The accumulation of sheets (containing the insert) are then conveyed into an envelope insertion station 8 that is operative to insert the accumulation into an envelope, which envelope is preferably thereafter sealed and addressed. The envelope is then conveyed to postage station 12 that applies appropriate postage thereto. Finally, the envelope is preferably conveyed to a sorting station 14 that sorts the envelopes in accordance with postal discount requirements.
As is conventional, inserter system 10 includes a control system (not shown) that controls and harmonizes operation of the various stations implemented in inserter system 10. Such a control system is well known in the art and since it forms no part of the present invention, it is not described in detail in order not to obscure the present invention. Similarly, since none of the other above-mentioned stations (namely: input station 2, accumulating station 4, transport station 6, envelope insertion station 8, postage station 12 and sorting station 14) form no part of the present invention insert feeder station 100, further discussion of each of these stations is also not described in detail in order not to obscure the present invention. Further, it is to be appreciated that the embodiment of inserter system 10 implementing the present invention insert feeder station 100 is only to be understood as an example configuration of such an inserter system 10. It is of course to be understood that such an inserter system may have many other configurations in accordance with a specific user's needs.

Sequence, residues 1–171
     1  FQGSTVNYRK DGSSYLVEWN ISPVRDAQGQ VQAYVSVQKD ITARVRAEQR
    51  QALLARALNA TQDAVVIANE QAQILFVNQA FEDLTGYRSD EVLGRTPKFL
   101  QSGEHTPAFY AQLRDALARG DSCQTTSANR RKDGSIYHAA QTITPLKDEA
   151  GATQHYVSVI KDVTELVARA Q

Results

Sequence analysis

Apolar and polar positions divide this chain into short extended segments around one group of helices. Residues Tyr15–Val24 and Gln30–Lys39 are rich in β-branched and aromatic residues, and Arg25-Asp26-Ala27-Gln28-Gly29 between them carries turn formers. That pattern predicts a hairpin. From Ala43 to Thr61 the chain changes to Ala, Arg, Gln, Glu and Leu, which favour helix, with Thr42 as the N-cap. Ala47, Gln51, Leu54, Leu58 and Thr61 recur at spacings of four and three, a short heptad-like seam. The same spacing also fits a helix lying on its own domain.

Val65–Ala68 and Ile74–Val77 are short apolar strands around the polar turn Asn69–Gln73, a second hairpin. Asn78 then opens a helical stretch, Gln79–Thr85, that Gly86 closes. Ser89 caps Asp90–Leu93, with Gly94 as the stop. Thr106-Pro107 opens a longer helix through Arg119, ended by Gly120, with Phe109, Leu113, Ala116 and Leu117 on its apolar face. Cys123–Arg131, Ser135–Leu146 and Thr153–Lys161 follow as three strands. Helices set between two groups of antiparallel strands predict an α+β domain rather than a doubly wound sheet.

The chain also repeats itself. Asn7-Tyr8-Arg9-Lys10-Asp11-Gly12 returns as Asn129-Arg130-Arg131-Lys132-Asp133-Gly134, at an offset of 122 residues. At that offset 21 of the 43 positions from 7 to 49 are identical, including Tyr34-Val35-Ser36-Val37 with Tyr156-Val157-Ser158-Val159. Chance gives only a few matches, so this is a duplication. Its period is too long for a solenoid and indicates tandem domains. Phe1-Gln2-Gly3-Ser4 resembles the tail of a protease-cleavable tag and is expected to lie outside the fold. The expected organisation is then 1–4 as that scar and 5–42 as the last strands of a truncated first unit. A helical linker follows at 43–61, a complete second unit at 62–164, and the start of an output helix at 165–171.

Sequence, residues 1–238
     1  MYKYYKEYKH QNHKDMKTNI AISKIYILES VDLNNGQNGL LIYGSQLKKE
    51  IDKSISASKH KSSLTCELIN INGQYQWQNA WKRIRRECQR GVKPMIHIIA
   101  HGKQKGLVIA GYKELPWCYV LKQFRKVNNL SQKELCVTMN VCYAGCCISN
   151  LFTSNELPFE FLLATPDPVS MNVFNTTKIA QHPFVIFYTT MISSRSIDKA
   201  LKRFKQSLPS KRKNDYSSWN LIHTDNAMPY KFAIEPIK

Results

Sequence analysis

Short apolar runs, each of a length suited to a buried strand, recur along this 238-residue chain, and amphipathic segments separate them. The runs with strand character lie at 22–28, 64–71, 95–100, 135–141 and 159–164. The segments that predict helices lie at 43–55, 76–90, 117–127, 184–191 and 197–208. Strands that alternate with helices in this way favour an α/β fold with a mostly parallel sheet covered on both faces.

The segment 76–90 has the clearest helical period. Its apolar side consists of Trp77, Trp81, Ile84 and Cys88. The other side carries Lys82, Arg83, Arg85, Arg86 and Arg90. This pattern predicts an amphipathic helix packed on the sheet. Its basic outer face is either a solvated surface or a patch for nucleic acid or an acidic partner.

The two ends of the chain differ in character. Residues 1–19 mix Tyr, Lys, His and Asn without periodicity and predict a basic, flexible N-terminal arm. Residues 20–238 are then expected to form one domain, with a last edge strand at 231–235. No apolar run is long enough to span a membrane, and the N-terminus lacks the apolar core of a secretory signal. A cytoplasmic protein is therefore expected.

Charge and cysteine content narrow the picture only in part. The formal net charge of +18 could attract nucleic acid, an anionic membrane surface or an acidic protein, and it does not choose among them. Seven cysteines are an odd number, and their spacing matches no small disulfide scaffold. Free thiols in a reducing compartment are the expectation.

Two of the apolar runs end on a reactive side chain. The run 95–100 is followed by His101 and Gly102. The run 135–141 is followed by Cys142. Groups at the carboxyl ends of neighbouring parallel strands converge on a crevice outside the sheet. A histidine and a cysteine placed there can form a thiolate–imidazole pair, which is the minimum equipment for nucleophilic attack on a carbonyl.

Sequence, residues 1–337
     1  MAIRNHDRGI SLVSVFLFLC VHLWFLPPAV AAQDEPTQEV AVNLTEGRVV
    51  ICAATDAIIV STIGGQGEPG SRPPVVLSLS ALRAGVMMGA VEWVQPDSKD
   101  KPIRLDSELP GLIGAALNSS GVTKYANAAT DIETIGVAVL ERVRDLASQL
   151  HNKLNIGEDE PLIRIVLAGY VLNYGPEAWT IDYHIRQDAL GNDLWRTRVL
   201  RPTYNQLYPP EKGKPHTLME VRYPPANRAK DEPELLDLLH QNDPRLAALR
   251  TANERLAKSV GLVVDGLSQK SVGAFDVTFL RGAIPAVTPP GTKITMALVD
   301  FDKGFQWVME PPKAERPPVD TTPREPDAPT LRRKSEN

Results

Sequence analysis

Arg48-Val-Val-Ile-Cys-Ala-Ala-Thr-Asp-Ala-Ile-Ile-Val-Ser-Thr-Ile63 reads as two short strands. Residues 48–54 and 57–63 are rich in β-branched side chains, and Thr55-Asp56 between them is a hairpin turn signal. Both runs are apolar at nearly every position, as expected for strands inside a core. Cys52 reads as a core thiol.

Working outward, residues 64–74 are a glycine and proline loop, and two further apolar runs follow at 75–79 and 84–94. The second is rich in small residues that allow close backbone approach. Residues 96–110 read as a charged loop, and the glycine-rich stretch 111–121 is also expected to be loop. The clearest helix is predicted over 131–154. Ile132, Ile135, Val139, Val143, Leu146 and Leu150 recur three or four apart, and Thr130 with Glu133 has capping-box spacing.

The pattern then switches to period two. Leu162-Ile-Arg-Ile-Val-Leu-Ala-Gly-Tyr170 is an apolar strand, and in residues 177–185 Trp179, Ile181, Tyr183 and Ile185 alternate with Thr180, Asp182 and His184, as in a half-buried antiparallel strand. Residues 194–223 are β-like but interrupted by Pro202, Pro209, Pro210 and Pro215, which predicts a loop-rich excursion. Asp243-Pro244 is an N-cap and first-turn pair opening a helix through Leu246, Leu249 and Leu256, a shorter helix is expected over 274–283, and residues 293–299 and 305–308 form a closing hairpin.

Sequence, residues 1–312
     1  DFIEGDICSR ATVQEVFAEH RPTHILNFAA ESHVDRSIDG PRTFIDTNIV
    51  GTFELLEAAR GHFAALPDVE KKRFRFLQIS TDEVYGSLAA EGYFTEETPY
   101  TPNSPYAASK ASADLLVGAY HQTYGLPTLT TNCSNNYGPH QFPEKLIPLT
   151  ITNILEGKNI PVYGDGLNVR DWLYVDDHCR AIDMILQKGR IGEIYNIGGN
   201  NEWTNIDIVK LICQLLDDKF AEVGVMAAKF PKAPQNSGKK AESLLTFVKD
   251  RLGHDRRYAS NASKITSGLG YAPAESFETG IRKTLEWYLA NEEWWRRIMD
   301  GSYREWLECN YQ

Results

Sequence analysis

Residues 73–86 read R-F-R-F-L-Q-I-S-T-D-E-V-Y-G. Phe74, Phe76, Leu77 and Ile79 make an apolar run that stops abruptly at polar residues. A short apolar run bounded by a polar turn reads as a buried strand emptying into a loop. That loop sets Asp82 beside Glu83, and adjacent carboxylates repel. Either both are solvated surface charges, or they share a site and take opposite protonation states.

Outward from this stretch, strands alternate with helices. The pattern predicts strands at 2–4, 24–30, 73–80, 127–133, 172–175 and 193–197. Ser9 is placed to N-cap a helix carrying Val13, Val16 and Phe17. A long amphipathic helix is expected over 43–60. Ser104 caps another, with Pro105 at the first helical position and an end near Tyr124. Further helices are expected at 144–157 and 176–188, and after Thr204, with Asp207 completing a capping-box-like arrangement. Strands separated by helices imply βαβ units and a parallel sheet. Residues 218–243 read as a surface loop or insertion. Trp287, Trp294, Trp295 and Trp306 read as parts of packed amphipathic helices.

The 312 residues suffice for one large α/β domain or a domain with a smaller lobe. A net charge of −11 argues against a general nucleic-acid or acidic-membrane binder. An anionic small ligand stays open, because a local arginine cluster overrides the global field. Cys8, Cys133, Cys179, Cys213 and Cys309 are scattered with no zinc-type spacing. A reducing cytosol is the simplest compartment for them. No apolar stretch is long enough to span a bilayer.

Referring now to FIGS. 2 and 3, the present invention insert feeder 100 is shown. Insert feeder 100 consists of a storage tray assembly 102 supported above the main deck 104 of inserter system 10. Insert feeder 100 further consists of a main deck insert drive assembly 106 having components aligned in the paper path (as indicated by arrow "a") on the main deck 104 of inserter system 10. Storage tray assembly 102 is mounted between a pair of side plates 40 and 42, each upstanding from the sides of the main deck 104. As will be discussed in more detail below, storage tray assembly 102 is operational to convey an insert 101 from storage tray assembly 102 onto the main deck 104 of inserter system 10, which conveyance occurs from a location above the main deck 104. Insert drive assembly 106 then provides positive drive to the insert 101 (being conveyed from storage tray assembly 102) when the leading edge of the conveying insert comes into proximity of the main deck 104.
As mentioned above, a pair of pusher fingers 50 and 52 are provided in inserter system 10 to convey an accumulation of sheets along the main deck 104 for processing in the various stations of inserter system 10. As is conventional, pusher fingers 50 and 52 are substantially parallel to one another and are orthogonal relative to the longitudinal axis defined by the paper path on the main deck 104 (as represented by arrow "a" in FIG. 3). Each pusher finger 50 and 52 is coupled to a respective elongate drive device 54 and 56 (e.g., a drive chain) for providing drive to each pusher finger 50 and 52. Drive is provided to each elongate drive device 54 and 56 through conventional motor driven means implemented throughout inserter system 10 (e.g., motors, pulleys, belts, etc.) (not shown). Each pusher finger 50 and 52 extends through an elongate opening 58 and 60 (FIG. 3) formed in the main deck 104 of inserter system 10. A bottom portion of each pusher finger 50 and 52 is connected to a respective elongate drive device 54 and 56, and a top portion of each pusher finger 50 and 52 (which top portion conveys the sheet accumulation) extends above the main deck 104.